Anja van den Berg
For richer or for poorer. This is what most of us promise our spouse when we pledge ourselves in marriage. Unfortunately, many couples today can’t seem to survive either richer or poorer due to poor money management skills.
It’s no secret that fighting about money puts a huge strain on a relationship, says Jennifer Ryan Woods, personal finance expert, writing for Forbes.
“Money issues are so troublesome that people who say they’re experiencing stress in their relationship cite finances as the number one reason,” Woods explains. According to South African attorney Hugh Raichlin, conflict over finances is one of the top three reasons for divorce in this country, “where we live in tough economic times”.
This may seem like a grim prognosis for married couples, but it doesn’t have to be. “There are various steps that experts say couples can take to avoid letting money matters get the best of their marriage,” Woods continues.
Whether you’re about to say, ‘I do’ or money problems have you thinking maybe ‘I don’t want to anymore’, the following steps can help prevent money from destroying your relationship:
- Don’t let your wedding day plunge you into debt
“Of all the couples that I see, the number one mistake they make is spending too much on the wedding,” says legal expert Ann-Margaret Carrozza, who specialises in personal finance. “Most couples starting out can’t afford to pay cash so they’re going into debt to pay for this one-day celebration,” she says, adding that “for many young couples that is on top of student loans and credit card debt. So, they’re literally drowning in debt out of the gate.” While this doesn’t mean couples need to forgo wedding festivities, those with limited budgets should do something smaller or find other ways to make the wedding more affordable – and save the big party for the fifth or tenth anniversary, when they’re in a better financial position.
- Think twice before sharing a bank account
For many couples, a joint bank account is the ultimate symbolic gesture of their financial union. However, Mail & Guardian explains that true joint bank accounts, where both partners have equal rights and responsibilities, are not available in South Africa. One partner can run an account and give the other signing powers, but the primary account holder has full responsibility and can revoke or extend the partner’s signing powers at will.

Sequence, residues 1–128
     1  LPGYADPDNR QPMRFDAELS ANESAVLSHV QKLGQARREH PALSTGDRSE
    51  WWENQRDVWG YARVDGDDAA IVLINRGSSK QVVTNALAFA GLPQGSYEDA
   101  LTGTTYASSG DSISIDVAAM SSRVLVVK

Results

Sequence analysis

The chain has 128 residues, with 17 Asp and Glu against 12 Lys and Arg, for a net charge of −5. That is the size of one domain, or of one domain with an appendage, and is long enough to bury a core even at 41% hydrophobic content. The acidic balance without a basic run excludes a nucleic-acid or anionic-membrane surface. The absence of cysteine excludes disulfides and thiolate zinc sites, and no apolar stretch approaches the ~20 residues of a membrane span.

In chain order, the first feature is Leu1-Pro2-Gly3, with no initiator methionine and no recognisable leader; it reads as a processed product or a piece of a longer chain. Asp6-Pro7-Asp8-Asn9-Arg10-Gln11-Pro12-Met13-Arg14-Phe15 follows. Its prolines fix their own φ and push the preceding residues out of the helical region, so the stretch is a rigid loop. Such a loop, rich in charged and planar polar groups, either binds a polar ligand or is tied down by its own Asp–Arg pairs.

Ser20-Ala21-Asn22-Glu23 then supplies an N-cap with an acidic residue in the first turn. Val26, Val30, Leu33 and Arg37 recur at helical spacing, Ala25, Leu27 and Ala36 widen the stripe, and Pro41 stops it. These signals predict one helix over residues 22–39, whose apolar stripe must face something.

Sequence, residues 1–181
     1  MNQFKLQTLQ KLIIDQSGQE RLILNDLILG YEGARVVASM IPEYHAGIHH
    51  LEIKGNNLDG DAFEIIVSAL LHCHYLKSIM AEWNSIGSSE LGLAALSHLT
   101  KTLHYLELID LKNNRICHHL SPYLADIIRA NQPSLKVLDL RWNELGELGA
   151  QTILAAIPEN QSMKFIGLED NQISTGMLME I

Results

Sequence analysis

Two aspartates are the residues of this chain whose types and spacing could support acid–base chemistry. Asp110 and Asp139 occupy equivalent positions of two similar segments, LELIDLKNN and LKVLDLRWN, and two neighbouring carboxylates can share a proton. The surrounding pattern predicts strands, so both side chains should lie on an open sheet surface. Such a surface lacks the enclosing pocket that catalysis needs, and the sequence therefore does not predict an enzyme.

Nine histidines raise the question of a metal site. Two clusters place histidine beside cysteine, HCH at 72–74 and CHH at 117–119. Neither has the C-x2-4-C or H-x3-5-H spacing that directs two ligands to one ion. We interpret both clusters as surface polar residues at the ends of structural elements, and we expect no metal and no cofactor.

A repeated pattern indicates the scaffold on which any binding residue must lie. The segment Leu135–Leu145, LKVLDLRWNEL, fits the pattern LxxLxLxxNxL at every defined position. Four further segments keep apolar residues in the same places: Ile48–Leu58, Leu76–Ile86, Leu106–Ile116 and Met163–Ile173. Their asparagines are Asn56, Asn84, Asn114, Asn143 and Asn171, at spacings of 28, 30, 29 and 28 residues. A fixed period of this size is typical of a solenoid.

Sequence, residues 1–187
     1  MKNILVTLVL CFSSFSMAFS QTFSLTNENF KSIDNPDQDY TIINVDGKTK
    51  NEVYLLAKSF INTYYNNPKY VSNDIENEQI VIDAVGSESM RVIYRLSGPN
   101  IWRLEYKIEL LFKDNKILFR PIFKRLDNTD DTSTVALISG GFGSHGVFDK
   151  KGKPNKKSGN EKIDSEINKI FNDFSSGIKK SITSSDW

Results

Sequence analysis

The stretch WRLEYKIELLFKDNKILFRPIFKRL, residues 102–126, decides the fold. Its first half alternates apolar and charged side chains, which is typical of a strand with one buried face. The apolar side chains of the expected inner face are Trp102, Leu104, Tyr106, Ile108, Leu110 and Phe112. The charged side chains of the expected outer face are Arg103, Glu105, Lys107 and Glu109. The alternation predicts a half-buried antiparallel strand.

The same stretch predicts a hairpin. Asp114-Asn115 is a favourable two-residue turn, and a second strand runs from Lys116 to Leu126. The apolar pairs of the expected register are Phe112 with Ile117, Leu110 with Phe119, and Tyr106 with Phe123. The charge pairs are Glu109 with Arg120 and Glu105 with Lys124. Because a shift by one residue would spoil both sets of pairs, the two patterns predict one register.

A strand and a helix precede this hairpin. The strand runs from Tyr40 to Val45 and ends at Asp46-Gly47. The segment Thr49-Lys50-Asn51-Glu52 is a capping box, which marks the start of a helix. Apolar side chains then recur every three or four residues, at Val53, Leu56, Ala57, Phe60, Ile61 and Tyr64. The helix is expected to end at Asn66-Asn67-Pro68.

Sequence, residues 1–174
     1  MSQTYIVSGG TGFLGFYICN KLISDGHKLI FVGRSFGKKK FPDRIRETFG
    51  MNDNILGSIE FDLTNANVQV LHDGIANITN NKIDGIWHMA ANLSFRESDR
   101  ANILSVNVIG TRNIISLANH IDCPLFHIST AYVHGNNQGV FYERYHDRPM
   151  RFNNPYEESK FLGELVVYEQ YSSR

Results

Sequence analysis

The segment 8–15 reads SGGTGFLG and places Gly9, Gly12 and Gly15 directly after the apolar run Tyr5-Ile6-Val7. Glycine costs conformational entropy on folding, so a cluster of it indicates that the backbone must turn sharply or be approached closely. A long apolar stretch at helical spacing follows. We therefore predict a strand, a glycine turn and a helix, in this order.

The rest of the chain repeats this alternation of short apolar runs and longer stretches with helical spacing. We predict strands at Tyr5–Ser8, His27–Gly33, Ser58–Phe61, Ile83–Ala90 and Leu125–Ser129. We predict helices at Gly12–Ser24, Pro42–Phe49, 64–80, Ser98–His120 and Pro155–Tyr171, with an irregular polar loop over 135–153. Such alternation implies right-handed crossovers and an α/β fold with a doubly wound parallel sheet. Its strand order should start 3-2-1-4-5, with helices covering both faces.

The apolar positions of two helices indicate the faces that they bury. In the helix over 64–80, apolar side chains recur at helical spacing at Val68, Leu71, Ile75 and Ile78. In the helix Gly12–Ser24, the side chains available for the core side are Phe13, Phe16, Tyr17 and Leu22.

Financial advisor at Prestige Wealth Manager, Monique Olivier, warns against joint accounts as it could easily lead to problems in the future. “There is no advantage to having a joint bank account (co-signatory). This can create complications if only one partner has a bank account, and the other respective partner has signing powers, because in the event of the account holder’s death the account will be frozen and an estate can take a minimum of nine months to be wound up.”
- Let your partner in on your money demons
Fully disclosing your financial situation with your significant other before tying the knot is a must, regardless of how uncomfortable it may be. “This is the time to mention outstanding debts, loans, income sources, investments or other financial assets or obligations,” Woods says. If you’re already married and still withholding this info, now is the time to bring it up. If you’re in a second or third marriage, and you are obliged to pay child support or, if you expect to provide financial support to ageing parents or adult children in the future, you need to address this as early as possible.
- Set goals and prioritise payments – together!
Start by reviewing your joint expenses over the last few months to determine how much you’ve been spending and if you need to bring that amount down. Then, establish rand limits per category that you create, according to your after-tax income. Don’t forget to allocate for unexpected or irregular expenses, such as routine car maintenance or doctor’s appointments. After you have determined your baseline financial status, discuss your long-term financial goals in depth. For example, do you plan to retire at a certain age? Do you need to settle debt urgently? Draw up a budget, and make sure you stay within your spending allotment, adjusting accordingly as your situation, expenses, or income changes.
- Have weekly money meetings
Stay on track by scheduling weekly money meetings. During meetings, discuss your budget for the month, whether you have any upcoming bills to pay, how you are doing with your joint financial goals, and anything else that is related to money. “These meetings are great because they strengthen the communication in your marriage, as well as your level of trust,” says Casey Slide, a specialist writer for MoneyCrashers.com. “Setting aside time to talk also helps a couple to stop worrying about money, because they know that money matters will be dealt with,” Slide adds.
Money Crashers: https://www.moneycrashers.com/money-management-newly-married-couples/
Institute for Divorce Financial Analysts: https://institutedfa.com/Leading-Causes-Divorce/
The Money Advice Service: https://www.moneyadviceservice.org.uk/en/articles/should-we-manage-money-jointly-or-separately
Business Tech: https://businesstech.co.za/news/lifestyle/103631/9-facts-about-divorce-in-south-africa/
Mail & Guardian: https://mg.co.za/article/1998-10-30-how-to-tie-the-bank-account-knot
True Love: https://www.w24.co.za/TrueLove/Archive/should-you-have-a-joint-account-with-your-partner-20170728
Standard Bank: https://www.standardbank.co.za/southafrica/personal/learn/money-and-marriage-tips
Bona Magazine: https://www.bona.co.za/joint-accounts-pros-and-cons/
The Balance: https://www.thebalance.com/should-you-have-joint-or-separate-bank-accounts-1289664